The other major American release this week is The Office: Season Seven (Universal, 500 min., $49.98, BD $59.98), which, although uneven, provided some of the American series’ best episodes. This is the final season for Steve Carell and it features a number of excellent guest appearances and cameos from Amy Ryan, Ricky Gervais (who created the original English version of the series), Jim Carrey, Ray Romano, James Spader, Will Arnett, and Catherine Tate.
Another NBC series that uses the single camera, “mockumentary” style made popular by The Office is Parks and Recreation. Parks and Recreation: Season 3 (Universal, $39.98) features Amy Poehler and Rashida Jones in a show that was perhaps too much like a clone of The Office in its first season, but which has definitely forged its own identity and come into its own in Seasons Two and Three. In spite of its quality, Parks and Recreation continues to struggle in the ratings, though it has developed a devoted following.
Also of interest is the “one-and-done” ABC series No Ordinary Family (Lionsgate, 880 min., $29.98), a “superhero-themed” series about a family whose members develop special powers after their plane crashes in the Amazon. This ill-fated series was written by Greg Berlanti, who wrote the screenplay for Warner Bros.’ Green Lantern movie.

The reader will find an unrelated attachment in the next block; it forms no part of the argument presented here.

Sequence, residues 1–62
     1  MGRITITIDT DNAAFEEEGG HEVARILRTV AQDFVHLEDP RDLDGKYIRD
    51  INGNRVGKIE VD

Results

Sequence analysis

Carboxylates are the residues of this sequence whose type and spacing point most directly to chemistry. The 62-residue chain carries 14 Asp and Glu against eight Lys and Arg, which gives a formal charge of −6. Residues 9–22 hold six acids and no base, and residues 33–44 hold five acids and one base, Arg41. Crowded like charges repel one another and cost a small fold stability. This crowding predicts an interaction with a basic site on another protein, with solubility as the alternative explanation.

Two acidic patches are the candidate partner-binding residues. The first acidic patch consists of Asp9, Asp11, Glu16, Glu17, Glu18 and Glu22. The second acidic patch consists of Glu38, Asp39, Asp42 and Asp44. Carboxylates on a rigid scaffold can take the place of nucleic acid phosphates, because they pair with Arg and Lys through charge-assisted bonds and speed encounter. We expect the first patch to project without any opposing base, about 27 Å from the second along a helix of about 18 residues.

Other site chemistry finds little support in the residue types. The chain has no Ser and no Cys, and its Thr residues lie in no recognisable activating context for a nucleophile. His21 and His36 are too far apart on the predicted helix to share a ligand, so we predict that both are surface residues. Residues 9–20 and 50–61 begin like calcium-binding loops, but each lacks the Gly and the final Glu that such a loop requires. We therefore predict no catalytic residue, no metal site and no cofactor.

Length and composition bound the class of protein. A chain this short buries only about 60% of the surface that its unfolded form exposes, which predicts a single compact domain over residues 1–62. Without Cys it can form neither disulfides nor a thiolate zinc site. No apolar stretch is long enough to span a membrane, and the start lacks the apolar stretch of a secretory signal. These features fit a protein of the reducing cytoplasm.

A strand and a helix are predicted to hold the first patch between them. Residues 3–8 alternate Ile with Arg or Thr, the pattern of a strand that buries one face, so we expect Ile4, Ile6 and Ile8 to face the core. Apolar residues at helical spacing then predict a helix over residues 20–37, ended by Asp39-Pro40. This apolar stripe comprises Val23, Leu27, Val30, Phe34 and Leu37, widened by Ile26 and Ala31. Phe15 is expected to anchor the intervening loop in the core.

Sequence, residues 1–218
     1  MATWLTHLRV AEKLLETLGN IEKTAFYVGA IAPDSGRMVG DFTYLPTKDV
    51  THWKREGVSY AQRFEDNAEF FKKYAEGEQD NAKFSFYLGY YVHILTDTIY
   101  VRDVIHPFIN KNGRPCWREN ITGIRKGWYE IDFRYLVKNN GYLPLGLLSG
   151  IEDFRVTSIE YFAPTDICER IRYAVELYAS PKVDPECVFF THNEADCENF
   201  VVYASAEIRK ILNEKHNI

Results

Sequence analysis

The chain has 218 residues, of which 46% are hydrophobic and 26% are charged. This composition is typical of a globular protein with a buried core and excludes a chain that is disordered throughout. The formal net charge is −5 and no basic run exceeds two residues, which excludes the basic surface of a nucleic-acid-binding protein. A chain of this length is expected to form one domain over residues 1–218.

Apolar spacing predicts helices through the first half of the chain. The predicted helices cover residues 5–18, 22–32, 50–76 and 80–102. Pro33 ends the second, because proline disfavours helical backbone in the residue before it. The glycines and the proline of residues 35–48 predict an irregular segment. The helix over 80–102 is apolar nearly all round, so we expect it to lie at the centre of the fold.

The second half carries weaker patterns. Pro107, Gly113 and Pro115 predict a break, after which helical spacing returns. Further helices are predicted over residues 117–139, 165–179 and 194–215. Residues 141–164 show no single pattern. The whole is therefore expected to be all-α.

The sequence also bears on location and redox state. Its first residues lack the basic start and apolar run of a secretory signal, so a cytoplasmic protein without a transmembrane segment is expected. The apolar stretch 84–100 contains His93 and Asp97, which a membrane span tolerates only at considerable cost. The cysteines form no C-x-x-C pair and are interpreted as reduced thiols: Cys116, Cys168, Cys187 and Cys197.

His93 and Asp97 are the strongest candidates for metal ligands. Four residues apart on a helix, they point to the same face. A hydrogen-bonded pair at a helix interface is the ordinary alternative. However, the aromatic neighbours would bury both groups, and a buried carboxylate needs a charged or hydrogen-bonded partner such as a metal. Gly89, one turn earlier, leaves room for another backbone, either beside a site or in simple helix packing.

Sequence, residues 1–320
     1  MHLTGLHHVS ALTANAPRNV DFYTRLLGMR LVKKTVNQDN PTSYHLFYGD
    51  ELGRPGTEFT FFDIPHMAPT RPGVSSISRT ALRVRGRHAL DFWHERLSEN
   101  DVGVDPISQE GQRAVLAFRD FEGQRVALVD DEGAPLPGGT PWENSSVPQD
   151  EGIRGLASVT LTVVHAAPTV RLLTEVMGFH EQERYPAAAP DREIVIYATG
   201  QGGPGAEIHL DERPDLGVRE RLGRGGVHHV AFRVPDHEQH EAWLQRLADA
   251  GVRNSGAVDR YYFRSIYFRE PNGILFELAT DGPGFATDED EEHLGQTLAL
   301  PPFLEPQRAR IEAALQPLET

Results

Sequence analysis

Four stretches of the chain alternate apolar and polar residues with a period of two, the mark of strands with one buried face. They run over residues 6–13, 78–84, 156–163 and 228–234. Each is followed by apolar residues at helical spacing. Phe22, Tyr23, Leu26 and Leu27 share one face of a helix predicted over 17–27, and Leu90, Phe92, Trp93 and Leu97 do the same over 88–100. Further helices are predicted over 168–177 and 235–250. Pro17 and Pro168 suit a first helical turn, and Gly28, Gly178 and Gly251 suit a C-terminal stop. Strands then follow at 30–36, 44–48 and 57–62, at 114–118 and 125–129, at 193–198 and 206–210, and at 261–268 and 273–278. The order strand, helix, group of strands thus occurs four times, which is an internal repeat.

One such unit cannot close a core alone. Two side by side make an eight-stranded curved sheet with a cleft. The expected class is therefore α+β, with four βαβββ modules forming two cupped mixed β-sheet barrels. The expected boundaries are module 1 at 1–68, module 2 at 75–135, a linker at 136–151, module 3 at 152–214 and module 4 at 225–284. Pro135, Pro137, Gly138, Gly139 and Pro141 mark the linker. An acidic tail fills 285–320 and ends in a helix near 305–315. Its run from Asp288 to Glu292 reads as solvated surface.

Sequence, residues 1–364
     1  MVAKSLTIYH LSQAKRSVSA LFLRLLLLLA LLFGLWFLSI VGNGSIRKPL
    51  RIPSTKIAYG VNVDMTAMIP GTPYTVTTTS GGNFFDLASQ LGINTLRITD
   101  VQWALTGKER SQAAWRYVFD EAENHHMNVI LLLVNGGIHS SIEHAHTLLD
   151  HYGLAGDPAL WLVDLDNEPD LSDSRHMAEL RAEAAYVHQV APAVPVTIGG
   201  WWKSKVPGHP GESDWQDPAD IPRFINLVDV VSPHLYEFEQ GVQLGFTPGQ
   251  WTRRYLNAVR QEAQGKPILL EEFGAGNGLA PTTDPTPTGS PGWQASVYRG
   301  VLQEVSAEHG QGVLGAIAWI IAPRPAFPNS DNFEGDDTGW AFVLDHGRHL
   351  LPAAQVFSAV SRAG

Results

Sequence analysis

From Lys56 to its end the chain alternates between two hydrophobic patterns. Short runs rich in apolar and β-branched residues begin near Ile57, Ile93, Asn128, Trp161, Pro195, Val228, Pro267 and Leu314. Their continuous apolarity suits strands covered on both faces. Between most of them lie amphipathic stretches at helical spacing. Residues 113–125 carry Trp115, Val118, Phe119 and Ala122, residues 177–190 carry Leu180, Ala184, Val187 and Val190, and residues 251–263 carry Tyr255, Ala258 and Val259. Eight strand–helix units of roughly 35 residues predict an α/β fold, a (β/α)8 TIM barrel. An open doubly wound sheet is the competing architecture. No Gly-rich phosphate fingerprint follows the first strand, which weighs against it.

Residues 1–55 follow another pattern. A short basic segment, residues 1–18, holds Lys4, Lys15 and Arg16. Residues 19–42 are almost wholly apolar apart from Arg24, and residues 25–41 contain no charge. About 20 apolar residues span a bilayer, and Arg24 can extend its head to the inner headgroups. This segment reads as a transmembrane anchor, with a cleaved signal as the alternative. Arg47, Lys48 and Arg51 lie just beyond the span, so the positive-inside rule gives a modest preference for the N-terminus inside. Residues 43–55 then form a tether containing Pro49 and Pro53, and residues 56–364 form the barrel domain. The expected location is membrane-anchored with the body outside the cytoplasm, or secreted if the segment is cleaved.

Other continuing series out this week include Criminal Minds: The Sixth Season (Paramount, 900 min., $64.99), the always interesting legal drama The Good Wife: Season 2 (Paramount, $64.99), and Charlie Sheen’s sitcom swansong, Two and a Half Men: Season 8 (Warner Bros., $44.98).
Animated TV series include the cat and mouse classic Herman and Catnip: The Complete Series (Vivendi, 60 min., $7.93), the 1980s series The Drak Pack: The Complete Series (First Look, 360 min., $7.98), Scooby Doo & the Pirates (Warner Bros., 84 min., $5.98), and What’s New Scooby Doo: Scooby Doo & the Ghosts (Warner Bros. 63 min., $5.98).
Then there are the live-action vintage kids’ shows, Sigmund and the Sea Monster: Season 1 (Universal, 374 min., $29.93), the 1970s Sid and Marty Kroft extravaganza, and The Secret of Isis (Classic Media, $7.93), the first American live-action TV series whose lead character was a female superhero.
The only new release in a week dominated by repriced previously released sets is Bleach Box Set 10 (Viz Media, “13+,” 300 min. $49.95), which includes episodes 157 to 167 of the popular supernatural action series based on Tite Kubo’s manga series.
The top re-priced set is the vampire saga Black Blood Brothers: The Complete Series (Funimation, “17+,” 300 min., $19.98, BD $24.98), which contains all 12 episodes of the stylish anime. At this price the Blu-ray is quite a bargain. Another great deal is Burst Angel: The Complete Series (Funimation, “14+,” 750 min., $39.98, BD $44.98), which includes all 24 episodes of the series plus the OVA Burst Angel: Infinity.
Also out this week is Peacemaker: The Complete Series (Funimation, “13+,” 600 min., $49.98), a classic samurai series, and To Love Ru Complete Collection (Sentai Filmworks, “14+,” 650 min., $69.98), which includes both of the previously released To Love Ru Collections, which were issued at $40 each.
Classics on Blu-ray
Classics on DVD